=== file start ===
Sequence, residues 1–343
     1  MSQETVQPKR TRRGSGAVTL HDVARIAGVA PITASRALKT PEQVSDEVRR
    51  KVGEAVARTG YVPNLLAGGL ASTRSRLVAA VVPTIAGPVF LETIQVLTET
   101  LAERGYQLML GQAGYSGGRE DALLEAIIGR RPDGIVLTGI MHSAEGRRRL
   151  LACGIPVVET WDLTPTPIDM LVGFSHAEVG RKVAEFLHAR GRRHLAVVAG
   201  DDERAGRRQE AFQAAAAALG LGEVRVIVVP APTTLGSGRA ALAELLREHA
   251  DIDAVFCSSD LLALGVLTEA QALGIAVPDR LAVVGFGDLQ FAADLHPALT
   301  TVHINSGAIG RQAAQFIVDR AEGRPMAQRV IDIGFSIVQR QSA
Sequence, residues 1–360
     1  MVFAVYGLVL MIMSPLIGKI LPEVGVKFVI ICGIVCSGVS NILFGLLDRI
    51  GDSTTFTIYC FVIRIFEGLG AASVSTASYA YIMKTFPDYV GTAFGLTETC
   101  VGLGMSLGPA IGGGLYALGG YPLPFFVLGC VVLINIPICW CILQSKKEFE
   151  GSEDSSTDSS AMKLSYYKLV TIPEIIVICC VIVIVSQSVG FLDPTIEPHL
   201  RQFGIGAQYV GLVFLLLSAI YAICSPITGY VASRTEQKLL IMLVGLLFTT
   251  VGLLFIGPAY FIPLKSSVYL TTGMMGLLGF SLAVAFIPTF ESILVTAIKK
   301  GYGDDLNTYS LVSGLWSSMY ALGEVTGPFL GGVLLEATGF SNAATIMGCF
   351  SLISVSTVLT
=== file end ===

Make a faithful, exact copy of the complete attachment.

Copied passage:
Sequence, residues 1–343
     1  MSQETVQPKR TRRGSGAVTL HDVARIAGVA PITASRALKT PEQVSDEVRR
    51  KVGEAVARTG YVPNLLAGGL ASTRSRLVAA VVPTIAGPVF LETIQVLTET
   101  LAERGYQLML GQAGYSGGRE DALLEAIIGR RPDGIVLTGI MHSAEGRRRL
   151  LACGIPVVET WDLTPTPIDM LVGFSHAEVG RKVAEFLHAR GRRHLAVVAG
   201  DDERAGRRQE AFQAAAAALG LGEVRVIVVP APTTLGSGRA ALAELLREHA
   251  DIDAVFCSSD LLALGVLTEA QALGIAVPDR LAVVGFGDLQ FAADLHPALT
   301  TVHINSGAIG RQAAQFIVDR AEGRPMAQRV IDIGFSIVQR QSA
Sequence, residues 1–360
     1  MVFAVYGLVL MIMSPLIGKI LPEVGVKFVI ICGIVCSGVS NILFGLLDRI
    51  GDSTTFTIYC FVIRIFEGLG AASVSTASYA YIMKTFPDYV GTAFGLTETC
   101  VGLGMSLGPA IGGGLYALGG YPLPFFVLGC VVLINIPICW CILQSKKEFE
   151  GSEDSSTDSS AMKLSYYKLV TIPEIIVICC VIVIVSQSVG FLDPTIEPHL
   201  RQFGIGAQYV GLVFLLLSAI YAICSPITGY VASRTEQKLL IMLVGLLFTT
   251  VGLLFIGPAY FIPLKSSVYL TTGMMGLLGF SLAVAFIPTF ESILVTAIKK
   301  GYGDDLNTYS LVSGLWSSMY ALGEVTGPFL GGVLLEATGF SNAATIMGCF
   351  SLISVSTVLT